The first project that I decided to do with my 4th graders was a tessellation project.
On day one we looked at a powerpoint I put together that looked at the Dutch artist M.C. Escher (no -- not M.C. Usher kids -- M.C. Escher) ;)
We began by looking at a variety of his work including "Drawing Hands" and "Relativity" (they LOVED these pieces) as well as his tessellation art. We defined a "tessellation" as being "a pattern created with a repeating shape that does not overlap and could go on forever." Then we talked about how there any many different types of tessellations, but that we could categorize some of them by how the shape in the pattern moves. The first one we looked at was a 'translation', then a 'rotation', and then a 'reflection.' To help students remember the names and to differentiate them from one another.. I came up with a little dance called the 'Tessellation Boogie'. To begin with, I have students stand up out of their chairs and repeat after me "This is the tessellation boogie!" (with a tooonnnnnnn of attitude and shoulder bobbing). Then we say "translation!" and slide to the right, "rotation!" and spin in a circle, and "reflection!" and put our hands together and the jazz hands them apart in the air. THEY LOVE IT. LOVE IT. LOVE IT. Everyday they came in they would beg me to lead them in the tessellation boogie! And two of my classes even performed it for their teachers when they came to pick them up! :)
Afterwards, we look at a youtube clip of a variety of tessellations and I have the kids call out whether they think it's a translation, rotation, or reflection.
( http://www.youtube.com/watch?v=h2AWKgU0cN4&feature=related )
Then I tell students that we are going to begin making our tessellation art using the translation (slide) method!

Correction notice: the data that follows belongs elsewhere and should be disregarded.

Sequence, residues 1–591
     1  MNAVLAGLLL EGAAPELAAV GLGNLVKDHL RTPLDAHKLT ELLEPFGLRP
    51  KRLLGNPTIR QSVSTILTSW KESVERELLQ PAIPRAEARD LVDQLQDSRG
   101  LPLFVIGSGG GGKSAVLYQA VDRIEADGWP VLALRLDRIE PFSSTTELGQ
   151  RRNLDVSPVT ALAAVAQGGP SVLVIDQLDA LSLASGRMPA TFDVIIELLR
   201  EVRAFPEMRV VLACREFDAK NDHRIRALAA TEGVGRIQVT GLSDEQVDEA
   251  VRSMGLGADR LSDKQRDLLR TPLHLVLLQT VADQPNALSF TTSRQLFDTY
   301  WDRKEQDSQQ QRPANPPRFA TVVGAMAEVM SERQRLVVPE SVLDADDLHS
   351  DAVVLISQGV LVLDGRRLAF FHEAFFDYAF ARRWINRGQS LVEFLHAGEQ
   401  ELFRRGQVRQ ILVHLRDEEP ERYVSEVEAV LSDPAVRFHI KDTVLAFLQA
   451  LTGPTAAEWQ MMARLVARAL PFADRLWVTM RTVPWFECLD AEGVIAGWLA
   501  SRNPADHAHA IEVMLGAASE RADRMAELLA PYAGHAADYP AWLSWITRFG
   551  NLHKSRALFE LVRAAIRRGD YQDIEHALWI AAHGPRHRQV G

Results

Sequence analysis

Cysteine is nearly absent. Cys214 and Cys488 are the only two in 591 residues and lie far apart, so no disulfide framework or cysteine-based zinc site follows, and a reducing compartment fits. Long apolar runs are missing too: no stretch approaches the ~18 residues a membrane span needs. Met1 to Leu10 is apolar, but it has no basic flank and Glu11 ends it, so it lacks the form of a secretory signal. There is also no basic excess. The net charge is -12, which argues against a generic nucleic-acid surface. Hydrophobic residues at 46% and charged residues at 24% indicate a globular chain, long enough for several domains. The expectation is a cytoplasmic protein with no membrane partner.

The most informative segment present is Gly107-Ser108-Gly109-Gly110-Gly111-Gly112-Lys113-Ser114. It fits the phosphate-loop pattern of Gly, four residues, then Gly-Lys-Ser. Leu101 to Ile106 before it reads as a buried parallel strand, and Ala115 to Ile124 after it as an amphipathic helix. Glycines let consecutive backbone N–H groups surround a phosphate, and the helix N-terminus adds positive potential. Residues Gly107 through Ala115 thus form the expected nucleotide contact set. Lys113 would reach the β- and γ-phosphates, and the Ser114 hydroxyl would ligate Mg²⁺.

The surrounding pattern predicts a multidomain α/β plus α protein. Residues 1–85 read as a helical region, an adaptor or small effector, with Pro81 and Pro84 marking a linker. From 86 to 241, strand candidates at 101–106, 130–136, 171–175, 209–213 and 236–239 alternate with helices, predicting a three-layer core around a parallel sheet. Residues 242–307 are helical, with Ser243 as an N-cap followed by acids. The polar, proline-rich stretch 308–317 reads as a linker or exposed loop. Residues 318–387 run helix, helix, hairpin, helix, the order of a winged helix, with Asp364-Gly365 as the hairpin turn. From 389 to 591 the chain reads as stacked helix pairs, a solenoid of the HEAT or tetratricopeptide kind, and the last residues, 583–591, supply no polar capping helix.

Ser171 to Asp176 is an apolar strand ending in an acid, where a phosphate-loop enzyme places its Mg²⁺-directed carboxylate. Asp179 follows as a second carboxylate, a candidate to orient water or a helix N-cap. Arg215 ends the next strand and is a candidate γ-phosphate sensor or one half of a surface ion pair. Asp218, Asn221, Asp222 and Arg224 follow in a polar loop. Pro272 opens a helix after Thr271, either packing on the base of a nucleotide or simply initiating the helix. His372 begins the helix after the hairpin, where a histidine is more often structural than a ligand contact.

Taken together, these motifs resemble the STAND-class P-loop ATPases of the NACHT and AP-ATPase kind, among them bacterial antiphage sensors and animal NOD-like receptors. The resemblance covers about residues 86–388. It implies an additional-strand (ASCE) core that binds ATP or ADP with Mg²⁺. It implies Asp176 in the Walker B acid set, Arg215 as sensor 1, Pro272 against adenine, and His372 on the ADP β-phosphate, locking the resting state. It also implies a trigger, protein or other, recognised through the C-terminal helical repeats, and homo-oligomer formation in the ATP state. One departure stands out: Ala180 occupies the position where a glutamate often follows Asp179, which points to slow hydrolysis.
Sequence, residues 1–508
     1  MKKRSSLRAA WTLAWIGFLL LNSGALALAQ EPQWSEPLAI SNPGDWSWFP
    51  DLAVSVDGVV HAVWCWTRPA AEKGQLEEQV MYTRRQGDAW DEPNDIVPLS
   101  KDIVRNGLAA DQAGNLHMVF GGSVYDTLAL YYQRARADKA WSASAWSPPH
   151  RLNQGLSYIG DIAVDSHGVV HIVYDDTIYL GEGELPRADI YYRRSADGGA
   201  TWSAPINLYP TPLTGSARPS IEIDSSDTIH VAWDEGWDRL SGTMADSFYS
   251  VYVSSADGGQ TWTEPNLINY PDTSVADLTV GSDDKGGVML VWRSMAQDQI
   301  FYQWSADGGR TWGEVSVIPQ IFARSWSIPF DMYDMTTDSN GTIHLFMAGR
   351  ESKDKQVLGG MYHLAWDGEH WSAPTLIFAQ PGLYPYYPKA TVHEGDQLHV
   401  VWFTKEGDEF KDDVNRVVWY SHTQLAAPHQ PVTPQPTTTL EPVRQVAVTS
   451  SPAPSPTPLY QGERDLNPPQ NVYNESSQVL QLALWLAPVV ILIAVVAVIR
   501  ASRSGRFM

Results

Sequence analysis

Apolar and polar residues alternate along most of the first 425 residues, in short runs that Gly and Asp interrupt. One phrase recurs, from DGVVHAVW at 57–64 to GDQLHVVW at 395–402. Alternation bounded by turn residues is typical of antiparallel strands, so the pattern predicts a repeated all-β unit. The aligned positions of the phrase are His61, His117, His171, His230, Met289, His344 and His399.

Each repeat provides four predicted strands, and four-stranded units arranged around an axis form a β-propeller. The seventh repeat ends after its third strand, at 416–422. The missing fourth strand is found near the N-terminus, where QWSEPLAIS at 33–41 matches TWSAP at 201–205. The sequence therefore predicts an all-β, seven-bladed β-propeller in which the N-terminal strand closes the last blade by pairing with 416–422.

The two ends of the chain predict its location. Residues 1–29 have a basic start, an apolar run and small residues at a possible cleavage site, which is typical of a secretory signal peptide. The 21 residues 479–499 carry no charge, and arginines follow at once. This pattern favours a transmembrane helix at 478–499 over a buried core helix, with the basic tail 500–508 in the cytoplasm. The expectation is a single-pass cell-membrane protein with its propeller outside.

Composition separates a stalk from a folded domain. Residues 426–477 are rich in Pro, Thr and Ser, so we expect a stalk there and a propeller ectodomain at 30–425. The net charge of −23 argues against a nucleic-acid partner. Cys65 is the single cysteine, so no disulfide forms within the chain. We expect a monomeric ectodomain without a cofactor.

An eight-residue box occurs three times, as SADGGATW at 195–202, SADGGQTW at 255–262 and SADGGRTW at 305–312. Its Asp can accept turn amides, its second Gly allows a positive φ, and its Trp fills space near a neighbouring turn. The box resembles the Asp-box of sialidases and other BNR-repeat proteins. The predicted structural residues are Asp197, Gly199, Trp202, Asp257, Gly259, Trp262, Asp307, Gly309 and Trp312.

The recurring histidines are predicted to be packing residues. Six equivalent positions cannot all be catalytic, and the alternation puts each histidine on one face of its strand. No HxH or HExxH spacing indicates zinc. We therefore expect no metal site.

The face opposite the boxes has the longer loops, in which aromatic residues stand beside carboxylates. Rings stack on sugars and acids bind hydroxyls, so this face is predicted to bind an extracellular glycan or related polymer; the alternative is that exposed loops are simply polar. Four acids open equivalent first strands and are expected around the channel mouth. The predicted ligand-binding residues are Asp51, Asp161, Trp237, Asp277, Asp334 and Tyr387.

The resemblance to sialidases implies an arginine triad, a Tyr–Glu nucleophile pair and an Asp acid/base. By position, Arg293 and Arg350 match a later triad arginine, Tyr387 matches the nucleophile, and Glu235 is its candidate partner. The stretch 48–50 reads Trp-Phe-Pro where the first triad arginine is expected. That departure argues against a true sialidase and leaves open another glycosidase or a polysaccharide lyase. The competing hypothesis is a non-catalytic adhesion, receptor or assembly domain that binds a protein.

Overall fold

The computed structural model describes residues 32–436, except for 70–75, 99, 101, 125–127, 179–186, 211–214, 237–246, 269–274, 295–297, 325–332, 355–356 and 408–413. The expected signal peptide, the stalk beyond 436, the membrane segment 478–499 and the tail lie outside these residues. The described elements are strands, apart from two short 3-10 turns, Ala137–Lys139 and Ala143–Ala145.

Once everyone had their piece made, we practiced drawing it a couple times on a piece of scratch paper. This is where students also were given the opportunity to make their tessellation pieces a little more interesting by making it into a character (or monster). They rotated their piece around until they could visualize their monster and then added more detail.
Once their character was designed, they started their final project on a piece of 9"x9" white drawing paper. We talked about how because the original tessellation shape paper was 3"x3" and the final paper was 9"x9", we could fit our shape 9 total times (although the last shape may be cut off).
Students traced their shapes, added their monster's details.. and then we talked about color.
Students used colored pencils and were encouraged to use a complementary color scheme to create contrast in their work! After coloring, they used fiber pens to outline their shapes.
|My Bulletin Board Display|
|Student work hung across the hall from my bulletin board!|
If you are interested in a more throughly explained lesson plan with visuals, teacher and student directions, demo videos, and an awesome PowerPoint, please check out my Teachers Pay Teachers store!